Elektrody do formy Ki-84
What’s your latest project?
Ki-84 Hayate in 1/72 scale, but only 3D design, all what is needed to make injection moulds to produce models kit sprues in them.
Do you think more about the aeroplane whose model kit you are designing, or about a plastic sprue with parts, or finally about a metal mould from which the sprues come out?
It depends a bit on the stage. I need to think about this plane all the time because it’s supposed to be a model kit of this plane, but at some point we move on to the next stage of design, although these stages overlap, because when you start, it’s good to think about the moment when you finish. The awareness of what the final effect should be grows with the project, it grows, but … I think about all the photos that I have provided, plans…
Of the aeroplane you’re designing?
Yes, there is also some knowledge, theory, and in the meantime, I’m starting to think about technology to turn it into a plastic model kit. It is a long way to turn it into a model kit that hits the market. I am surprised how long it is.
Well … long. Designing itself – you can say a few months non-stop, of course, depending on the blueprints, better-worse, older-newer, the quantity and quality of the photos, drawings. Depends on how the sources describe this object. There were not many blueprints for PZL fighters prototypes, there are many for Hayate. But without a few months of hard work it is impossible to make a reliable 3D model in 1/72 or 1/48 scale. And then there’s the implementation process, too, it turns out, quite long.
What is your priority?
When the basic 3D shape is ready, it seems that everything is designed, just make a mould and inject plastic, but then you have to look at it all over again, all these photos, follow how these panel lines goes, count these rivets, find all irregularities in them, such tastes, flavours, this is the stage at which rescaling is so dirty as everything it cannot be fully reproduced directly in the scale. You have to use some kind of convention. And here you need to stop and think about it, make it look decent, make the model kit cool.
Well, because this is a question that is constantly discussed on modelling forums, whether to rivet the model kit or not, whether the designer should take care of it or leave it to the modeller.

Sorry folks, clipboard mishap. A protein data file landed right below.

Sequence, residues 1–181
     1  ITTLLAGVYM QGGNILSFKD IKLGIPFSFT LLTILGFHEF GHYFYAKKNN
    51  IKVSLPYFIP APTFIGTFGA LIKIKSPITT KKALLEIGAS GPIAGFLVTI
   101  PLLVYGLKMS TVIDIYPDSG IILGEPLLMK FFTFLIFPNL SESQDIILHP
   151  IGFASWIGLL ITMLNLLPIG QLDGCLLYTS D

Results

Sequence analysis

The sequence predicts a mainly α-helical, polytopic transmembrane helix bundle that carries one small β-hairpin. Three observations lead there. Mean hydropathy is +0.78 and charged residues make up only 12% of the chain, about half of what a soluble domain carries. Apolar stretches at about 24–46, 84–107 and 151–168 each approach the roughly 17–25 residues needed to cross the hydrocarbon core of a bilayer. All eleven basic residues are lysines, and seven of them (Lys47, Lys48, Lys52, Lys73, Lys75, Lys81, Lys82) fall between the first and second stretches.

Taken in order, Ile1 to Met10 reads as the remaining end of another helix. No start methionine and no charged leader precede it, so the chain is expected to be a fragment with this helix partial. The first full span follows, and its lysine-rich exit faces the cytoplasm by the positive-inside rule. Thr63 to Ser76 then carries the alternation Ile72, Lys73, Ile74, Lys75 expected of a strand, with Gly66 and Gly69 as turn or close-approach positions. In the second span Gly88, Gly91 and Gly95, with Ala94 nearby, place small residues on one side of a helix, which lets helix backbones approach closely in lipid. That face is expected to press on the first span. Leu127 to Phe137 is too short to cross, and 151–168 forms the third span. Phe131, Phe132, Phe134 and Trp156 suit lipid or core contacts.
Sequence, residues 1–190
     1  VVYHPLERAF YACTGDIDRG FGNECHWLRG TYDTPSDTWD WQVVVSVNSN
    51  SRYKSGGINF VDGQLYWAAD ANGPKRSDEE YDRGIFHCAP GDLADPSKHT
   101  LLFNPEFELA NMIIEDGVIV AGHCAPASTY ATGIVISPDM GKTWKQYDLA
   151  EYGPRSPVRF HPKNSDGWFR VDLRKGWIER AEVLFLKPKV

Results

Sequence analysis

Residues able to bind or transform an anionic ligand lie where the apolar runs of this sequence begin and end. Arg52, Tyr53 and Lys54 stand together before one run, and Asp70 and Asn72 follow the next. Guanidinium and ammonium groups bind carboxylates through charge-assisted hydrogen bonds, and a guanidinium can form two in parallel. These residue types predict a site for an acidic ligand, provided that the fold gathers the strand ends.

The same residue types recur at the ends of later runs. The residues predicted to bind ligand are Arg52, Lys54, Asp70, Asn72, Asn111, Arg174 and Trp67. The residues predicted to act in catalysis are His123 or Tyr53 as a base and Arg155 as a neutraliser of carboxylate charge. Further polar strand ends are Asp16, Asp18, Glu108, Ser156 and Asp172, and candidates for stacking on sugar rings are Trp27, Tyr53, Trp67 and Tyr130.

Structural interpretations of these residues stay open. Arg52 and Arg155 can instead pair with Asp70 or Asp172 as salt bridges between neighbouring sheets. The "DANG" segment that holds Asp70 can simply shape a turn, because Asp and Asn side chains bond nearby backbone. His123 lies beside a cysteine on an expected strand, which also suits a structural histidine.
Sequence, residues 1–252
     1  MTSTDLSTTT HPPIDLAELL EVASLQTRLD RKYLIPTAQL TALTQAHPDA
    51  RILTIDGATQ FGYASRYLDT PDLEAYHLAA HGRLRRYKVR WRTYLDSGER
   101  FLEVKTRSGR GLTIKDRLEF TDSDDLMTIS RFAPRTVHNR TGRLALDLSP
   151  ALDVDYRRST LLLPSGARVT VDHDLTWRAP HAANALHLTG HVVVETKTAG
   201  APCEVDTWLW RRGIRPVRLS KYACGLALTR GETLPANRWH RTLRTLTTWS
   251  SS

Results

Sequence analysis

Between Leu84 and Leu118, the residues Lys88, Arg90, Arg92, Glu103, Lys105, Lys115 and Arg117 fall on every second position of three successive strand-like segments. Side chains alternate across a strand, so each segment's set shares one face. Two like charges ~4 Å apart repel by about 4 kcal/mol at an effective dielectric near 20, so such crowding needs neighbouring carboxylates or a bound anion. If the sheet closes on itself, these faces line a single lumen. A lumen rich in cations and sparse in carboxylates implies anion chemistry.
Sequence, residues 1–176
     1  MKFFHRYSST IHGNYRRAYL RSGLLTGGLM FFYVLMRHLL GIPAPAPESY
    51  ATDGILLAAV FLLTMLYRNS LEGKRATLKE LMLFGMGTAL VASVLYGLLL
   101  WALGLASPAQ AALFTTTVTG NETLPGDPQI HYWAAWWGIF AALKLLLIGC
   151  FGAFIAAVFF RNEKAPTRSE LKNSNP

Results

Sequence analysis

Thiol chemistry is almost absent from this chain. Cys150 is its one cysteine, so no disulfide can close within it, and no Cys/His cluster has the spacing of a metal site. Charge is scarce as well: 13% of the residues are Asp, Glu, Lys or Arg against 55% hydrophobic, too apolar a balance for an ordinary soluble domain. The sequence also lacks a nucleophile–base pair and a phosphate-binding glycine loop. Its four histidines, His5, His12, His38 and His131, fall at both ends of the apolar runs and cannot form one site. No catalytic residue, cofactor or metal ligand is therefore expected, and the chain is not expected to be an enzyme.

I’m not surprised. This is a matter of convention. You need to make a model kit that looks very good just taken out of the box and assembled, but also gives some opportunity to the advanced modeller to show off. For someone who wants to spend more time, who has the skills and experience, it is worth leaving some space to show off. Let it be a sport for everyone. Especially since we, if we deal with mass production, we cannot deal with everything at once, it simply will not work, because there are different expectations. The most valuable thing is to fit well. Not to forget about novice modelers and also remember about those who can do more.
How would you describe the perfect model kit, not the super advanced one, but the optimal one?
From my point of view, a well-designed model kit is when I do not see any further possibility of squeezing something more out of the technology we operate. When I squeezed everything out of the technology, I came up with a way to divide and assemble this model kit in order to describe as much of this aeroplane as possible with the most reasonable number of parts and making these parts as simple as possible. Then I feel like I did it right. If I finish the project so that the guys in the tool shop do not think about it at all, but do it, I feel that I did it right.
When it comes to model kits – I have a professional passion for them. If it sells well, if I can design a model kit that has a plastic sprue and transparencies in the box, and no photo-etched details are needed, nothing else, and it’s good, then it’s a work of art to me. A model kit that does not have a PE details, but is just as good as if it had a PE. That it was made from one injection, and yet it is a finished model kit, you do not need to buy anything for it. It is a satisfaction for me that I have done something reasonable.